If opportunity makes the thief, it can also put them in jail if they do not know their goods well.
Any police officer will tell you that thieves are lazy people in search of the easiest target around. Some are also pretty stupid, as you will see in the video above. It shows crooks trying to fill up an electric car at a gas station in Brazil last May 26. The black JAC iEV40 was stolen in Curitiba, Paraná, and finally recovered in Garuva, Santa Catarina, 99.2 km (61.6 mi) away.
The video was released by the Polícia Rodoviária Federal, or PRF – something like Federal Highway Patrol. It shows one of the two thieves and the EV parked beside a gas pump. The guy with the grey shirt is the gas jockey – in Brazil, all gas stations still require these workers. The bandit is the man in the yellow hoodie.
The video reveals they move around the car for a long time, trying to find the gas tank cap. At some point, they pop the hood to check the engine. When they do so, we can hear the gas jockey and a police officer comment that the car had a “100 percent electric” sticker there.
Gallery: Unaware Stolen Car Was An EV, Brazilian Thieves Try To Put Gas In It And Get Arrested
The PRF officer confesses he did not know there were pure electric cars for sale in Brazil. They are relatively new in that country. The BMW i3 is available there since 2014, but initially only in the REx version. The first EV without any sort of combustion engine assistance there was the Renault ZOE, sold since November 2018, but first-delivered in April 2019.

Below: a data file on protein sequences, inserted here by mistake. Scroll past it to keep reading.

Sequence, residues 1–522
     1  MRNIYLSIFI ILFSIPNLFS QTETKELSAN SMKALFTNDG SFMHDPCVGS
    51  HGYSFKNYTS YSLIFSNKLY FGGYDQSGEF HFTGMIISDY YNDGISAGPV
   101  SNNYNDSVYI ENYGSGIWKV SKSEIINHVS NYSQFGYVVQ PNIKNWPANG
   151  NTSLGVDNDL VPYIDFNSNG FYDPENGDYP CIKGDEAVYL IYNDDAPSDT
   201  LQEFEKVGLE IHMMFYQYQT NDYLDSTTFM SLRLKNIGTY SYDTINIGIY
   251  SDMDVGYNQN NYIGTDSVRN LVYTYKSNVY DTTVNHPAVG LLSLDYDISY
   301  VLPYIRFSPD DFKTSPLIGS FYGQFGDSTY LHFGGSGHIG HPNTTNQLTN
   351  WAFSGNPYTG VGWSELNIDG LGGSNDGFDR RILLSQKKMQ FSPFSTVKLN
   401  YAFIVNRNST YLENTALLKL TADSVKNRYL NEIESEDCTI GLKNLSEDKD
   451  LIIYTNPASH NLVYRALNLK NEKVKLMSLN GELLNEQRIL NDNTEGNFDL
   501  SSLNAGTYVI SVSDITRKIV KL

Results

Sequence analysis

Concerning the JAC iEV40, it is based on the JAC iEV7S, which is the electric version of the JAC Refine S2, also called T40 in Brazil. It was once the most affordable EV for sale in Brazil. In China, this car helped create the SOL E20X from a joint venture with Volkswagen. We have recently told you Volkswagen wants to buy 50 percent of the holding that controls JAC Motors.
When a PRF car arrives at the gas station for refueling, the thief gets terrified, according to the gas jockey, and quickly gets back into the EV. Soon afterward, the JAC iEV40 leaves the gas station.
The PRF officers learned about that and tried to locate the vehicle. It was found in another gas station in Garuva, locked and using the license plate of a Nissan Versa, probably a copy. In Brazil, people say these license plates are “cloned.” A VW Gol was leaving the gas station and was stopped by the cops.
Both the EV occupants were there. They were immediately arrested. A woman and a minor that were with them were also put under custody. The juvenile, due to Brazilian laws, cannot be deemed criminally responsible. He will probably go to a “Youth Authority.”
While the bad guys will be charged with theft and forming a criminal gang, the car is currently at the police department of Garuva, waiting to get back to its owner. Who would say that EVs in Brazil would have such an unusual theft protection system called a power plug, right?